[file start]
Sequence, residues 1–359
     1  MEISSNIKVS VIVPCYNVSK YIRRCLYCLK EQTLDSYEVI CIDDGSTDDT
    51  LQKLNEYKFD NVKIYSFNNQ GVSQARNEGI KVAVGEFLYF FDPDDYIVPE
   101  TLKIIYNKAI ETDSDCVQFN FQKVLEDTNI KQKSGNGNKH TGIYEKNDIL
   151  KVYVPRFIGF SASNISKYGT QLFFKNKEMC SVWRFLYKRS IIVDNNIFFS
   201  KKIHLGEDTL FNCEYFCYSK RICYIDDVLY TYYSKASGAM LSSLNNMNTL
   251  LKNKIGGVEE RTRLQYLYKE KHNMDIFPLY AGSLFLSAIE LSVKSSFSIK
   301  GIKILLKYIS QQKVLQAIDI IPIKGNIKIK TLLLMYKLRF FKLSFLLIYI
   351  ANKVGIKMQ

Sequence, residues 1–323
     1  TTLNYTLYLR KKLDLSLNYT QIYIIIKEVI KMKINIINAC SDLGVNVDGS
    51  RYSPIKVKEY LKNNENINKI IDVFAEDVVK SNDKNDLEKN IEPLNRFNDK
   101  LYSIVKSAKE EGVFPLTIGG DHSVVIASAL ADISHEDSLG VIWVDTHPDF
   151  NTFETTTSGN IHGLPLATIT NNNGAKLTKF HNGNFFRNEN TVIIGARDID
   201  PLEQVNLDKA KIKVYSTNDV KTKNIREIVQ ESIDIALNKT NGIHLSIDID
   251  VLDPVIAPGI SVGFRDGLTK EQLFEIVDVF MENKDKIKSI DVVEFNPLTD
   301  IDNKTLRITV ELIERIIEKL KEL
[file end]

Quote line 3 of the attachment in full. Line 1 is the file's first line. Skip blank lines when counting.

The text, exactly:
    51  LQKLNEYKFD NVKIYSFNNQ GVSQARNEGI KVAVGEFLYF FDPDDYIVPE